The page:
San Francisco Museum Of Modern Modern Art: The museum that Gap built

When San Francisco's vastly expanded Museum Of Modern Modern Art opened its doors for the first time in May, the full extent of the transformation became clear.

Locals had watched in amazement as the stunning, 10-storey, futuristic building took shape. But only when you get inside do you appreciate the full genius of the design, which blends in seamlessly with the original structure by Mario Botta.

International architectural firm Snohetta (founded in Norway) has already won World Architecture Awards for both Egypt's Bibliotheca in Alexandria and the Oslo Opera House, so no one will be surprised if the eco-friendly SFMOMA – with one of the largest "living" walls of plants in the US – starts picking up prizes soon.

If Botta's museum turned inwards, the new SFMOMA deliberately opens its arms to the city, encouraging visitors to step inside with good cafes and spaces for reflection. Yet the greatest bonus is that Snohetta's design virtually triples the  exhibition space. 

And when you have a collection as superb as this – undoubtedly one of the finest concentrations of contemporary art in the world – you want to put as much of it on display as possible.

However, what you need to know is this is the museum collection that Gap jeans helped to build. 

Much of the new exhibition space is reserved for 260 works – we're talking Andy Warhol, Roy Lichtenstein, Jasper Johns, Chuck Close and Alexander Calder, for starters – which were lent to the museum on a 100-year loan by Doris and Donald Fisher, the clothing billionaires and philanthropists. 

The late Donald Fisher (who died in 2009) was running a hotel renovation business when he bought a pair of Levi jeans. Like Levi Strauss (the fellow San Franciscan who invented the riveted jean as a practical working garment for miners in the  Californian gold rush), the Fishers were Jewish.

When Fisher tried unsuccessfully to return a pair of Levi's that did not fit in the 1960s, he and Doris decided to open their own store in SF, carrying every Levi style in every size, along with records and tapes to capture the youth market. 

They called it The Gap, after the then-current phrase "The Generation Gap".

It went so well they started manufacturing their own jeans. Then they bought a mail-order catalogue business run from only two stores that no one had ever heard of: Banana Republic.

So what did they do with their $US3.3 billion nest egg?

Lots of things, but they loved contemporary art, so began collecting art.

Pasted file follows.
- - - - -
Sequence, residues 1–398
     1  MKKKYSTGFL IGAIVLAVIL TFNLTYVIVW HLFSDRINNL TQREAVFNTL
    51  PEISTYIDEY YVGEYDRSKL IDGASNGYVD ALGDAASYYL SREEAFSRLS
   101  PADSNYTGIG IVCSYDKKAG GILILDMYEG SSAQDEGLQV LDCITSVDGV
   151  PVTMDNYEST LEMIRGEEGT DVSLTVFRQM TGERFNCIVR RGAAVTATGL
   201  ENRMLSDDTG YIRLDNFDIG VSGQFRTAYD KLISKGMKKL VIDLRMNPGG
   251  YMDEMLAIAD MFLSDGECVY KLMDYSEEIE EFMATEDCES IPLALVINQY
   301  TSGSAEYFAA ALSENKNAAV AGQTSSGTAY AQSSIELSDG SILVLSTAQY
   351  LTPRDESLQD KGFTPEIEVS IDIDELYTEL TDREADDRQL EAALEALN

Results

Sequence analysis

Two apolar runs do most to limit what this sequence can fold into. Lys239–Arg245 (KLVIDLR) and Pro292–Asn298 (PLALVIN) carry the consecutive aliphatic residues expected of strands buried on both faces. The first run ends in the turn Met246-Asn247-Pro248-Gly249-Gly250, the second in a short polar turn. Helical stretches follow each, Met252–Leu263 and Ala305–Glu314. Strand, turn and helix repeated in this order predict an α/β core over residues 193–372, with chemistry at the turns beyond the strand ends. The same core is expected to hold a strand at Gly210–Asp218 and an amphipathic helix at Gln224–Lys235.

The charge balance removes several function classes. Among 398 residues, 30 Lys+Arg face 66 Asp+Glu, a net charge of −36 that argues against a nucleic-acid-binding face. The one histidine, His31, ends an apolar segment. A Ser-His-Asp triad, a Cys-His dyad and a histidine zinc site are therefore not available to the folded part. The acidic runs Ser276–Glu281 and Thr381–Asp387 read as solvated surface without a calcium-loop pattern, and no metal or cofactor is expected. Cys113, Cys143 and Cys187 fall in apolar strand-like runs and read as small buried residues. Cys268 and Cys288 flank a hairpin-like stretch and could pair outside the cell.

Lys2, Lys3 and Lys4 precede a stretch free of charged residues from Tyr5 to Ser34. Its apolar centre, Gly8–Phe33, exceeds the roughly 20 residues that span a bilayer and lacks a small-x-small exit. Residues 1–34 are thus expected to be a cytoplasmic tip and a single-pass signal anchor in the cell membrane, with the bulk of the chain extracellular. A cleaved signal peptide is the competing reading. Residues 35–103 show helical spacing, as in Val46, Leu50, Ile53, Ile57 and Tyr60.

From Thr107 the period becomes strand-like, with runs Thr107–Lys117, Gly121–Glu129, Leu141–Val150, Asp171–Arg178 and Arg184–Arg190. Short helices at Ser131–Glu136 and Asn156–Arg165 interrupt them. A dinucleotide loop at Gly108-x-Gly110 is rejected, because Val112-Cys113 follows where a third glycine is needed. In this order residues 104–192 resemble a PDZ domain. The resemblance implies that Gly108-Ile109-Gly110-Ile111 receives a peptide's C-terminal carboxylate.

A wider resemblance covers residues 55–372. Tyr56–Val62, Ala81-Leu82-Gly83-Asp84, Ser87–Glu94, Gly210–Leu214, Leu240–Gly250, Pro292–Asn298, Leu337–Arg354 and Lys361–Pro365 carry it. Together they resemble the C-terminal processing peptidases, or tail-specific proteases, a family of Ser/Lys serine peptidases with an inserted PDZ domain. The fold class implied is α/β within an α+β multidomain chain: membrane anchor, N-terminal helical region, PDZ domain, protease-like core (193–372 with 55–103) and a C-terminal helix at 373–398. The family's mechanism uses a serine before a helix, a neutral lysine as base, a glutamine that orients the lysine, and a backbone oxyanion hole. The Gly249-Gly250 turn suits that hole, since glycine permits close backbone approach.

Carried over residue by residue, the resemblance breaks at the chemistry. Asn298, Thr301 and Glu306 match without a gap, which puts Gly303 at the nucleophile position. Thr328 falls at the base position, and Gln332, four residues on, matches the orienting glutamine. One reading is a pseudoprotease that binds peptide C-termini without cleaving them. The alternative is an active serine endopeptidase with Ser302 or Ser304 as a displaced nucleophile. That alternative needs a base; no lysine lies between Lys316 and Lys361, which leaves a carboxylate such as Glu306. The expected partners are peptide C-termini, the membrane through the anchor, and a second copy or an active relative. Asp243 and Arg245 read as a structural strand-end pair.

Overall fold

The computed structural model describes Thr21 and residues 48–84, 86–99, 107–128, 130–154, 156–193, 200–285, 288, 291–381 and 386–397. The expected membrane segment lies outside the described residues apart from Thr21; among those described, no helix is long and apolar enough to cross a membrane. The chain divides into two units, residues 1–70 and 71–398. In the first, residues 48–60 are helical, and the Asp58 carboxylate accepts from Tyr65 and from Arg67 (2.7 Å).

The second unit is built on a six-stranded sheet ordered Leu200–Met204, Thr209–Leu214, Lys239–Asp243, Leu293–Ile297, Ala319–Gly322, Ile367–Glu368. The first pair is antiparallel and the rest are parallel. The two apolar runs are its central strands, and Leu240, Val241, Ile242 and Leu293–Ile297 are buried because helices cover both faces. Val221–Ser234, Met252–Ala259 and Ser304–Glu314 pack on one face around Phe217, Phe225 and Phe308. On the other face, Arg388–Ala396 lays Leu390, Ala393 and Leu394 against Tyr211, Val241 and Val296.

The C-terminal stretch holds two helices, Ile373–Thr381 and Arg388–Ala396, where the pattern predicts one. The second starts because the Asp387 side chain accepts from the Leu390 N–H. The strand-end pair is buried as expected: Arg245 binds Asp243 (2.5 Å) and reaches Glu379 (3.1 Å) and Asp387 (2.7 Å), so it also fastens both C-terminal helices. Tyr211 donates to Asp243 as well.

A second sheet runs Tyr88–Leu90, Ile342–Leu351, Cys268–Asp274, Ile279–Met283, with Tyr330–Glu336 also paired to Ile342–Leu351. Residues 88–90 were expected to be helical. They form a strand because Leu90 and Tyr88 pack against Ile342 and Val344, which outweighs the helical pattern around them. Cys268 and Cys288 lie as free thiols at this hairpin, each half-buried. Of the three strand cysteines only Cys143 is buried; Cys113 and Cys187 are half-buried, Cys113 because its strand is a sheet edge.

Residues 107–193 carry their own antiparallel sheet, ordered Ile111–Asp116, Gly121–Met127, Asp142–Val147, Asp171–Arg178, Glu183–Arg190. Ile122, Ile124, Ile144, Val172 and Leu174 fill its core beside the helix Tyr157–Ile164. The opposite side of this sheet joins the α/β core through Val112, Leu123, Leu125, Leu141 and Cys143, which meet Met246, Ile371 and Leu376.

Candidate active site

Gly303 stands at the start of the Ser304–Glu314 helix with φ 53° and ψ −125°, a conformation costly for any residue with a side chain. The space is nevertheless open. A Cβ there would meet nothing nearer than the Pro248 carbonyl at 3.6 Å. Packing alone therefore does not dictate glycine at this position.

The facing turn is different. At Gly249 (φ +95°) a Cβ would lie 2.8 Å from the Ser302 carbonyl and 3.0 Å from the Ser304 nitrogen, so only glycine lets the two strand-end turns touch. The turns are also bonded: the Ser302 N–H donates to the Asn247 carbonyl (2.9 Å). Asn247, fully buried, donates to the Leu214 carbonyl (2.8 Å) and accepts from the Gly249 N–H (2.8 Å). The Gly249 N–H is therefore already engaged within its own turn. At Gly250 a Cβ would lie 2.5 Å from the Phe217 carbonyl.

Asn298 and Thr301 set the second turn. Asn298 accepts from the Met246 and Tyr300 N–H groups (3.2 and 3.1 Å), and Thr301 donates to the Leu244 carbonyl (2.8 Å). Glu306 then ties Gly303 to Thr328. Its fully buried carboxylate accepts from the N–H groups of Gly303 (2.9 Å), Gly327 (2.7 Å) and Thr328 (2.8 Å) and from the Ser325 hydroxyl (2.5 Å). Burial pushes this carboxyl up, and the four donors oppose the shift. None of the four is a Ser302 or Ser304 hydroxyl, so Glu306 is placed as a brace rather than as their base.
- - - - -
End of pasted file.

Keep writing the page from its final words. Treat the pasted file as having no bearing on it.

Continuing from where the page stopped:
Lichtenstein – celebrated for his parodies of comic art – was among the first. They began buying his work in the mid-1970s and their collection comprises 24 works over four decades. It's simply stunning.

Early on the Fishers made a pact. They would never buy a painting, sculpture, mobile or print either was unsure about. That makes their collection individual, personal and a unique record of an artistic progression.

The Fishers were late adopters of Warhol. They only began collecting his works in 1987, the year he died. 

By that time, Warhol's reputation and relevance to the history of art was in doubt, as was the marketability of his works.

There are 20 Warhol works in their collection. His silk screens of Triple Elvis (in unlikely cowboy costume from the 1960 film Flaming Star), National Velvet (showing the young Elizabeth Taylor descending into inescapable oblivion)  and America's Most Wanted No 12 are haunting beyond belief.

The Fishers were most interested in  Warhol works that  explored "the ephemeral nature of fame rather than the violent car crashes and everyday tragedies", which were another part of his clash with destiny. 

But none are so moving as Warhol's self-portraits. Seen together, as they are here, they show a shooting star sure of his own self-immolation.

Of course, SFMOMA has wonderful works that it gathered since it was founded in 1935 as the first West Coast American museum. There are three Jackson Pollocks and at least two by his wife, Lee Krasner.

Then there are Cy Twombly's graffiti-like scribblings, works by Matisse, Duchamp, Miro, Klee, Dali, and perhaps the biggest drawcard: six paintings by Diego Rivera, and his even more famous wife, Frida Kahlo (she of the history's most dramatically joined eyebrows).

Yet despite the glittering cast of artists, one by the relatively unknown Duane Harbon is proving the most popular. Scores of visitors pose to have their pictures taken next to the cop standing guard near the Warhols, though the patch on the uniform ("Wisconsin State Police") should give the game away.

It's an incredibly realistic and life-size image of Harbon's son (a policeman in real life).

Who says modern art can't be fun?

TRIP NOTES

MORE INFORMATION

sanfrancisco.travel

GETTING THERE

Fiji Airways has a new, twice-weekly flight from Nadi to San Francisco, with connections to Sydney, Melbourne and Brisbane – which allows a Fijian stopover for a few days on the way there or back. fijiairways.com.

VISITING THERE

San Francisco Museum of Modern Art, 151 Third Street. See sfmoma.org.

Steve Meacham travelled courtesy of Fiji Airways and San Francisco Travel.

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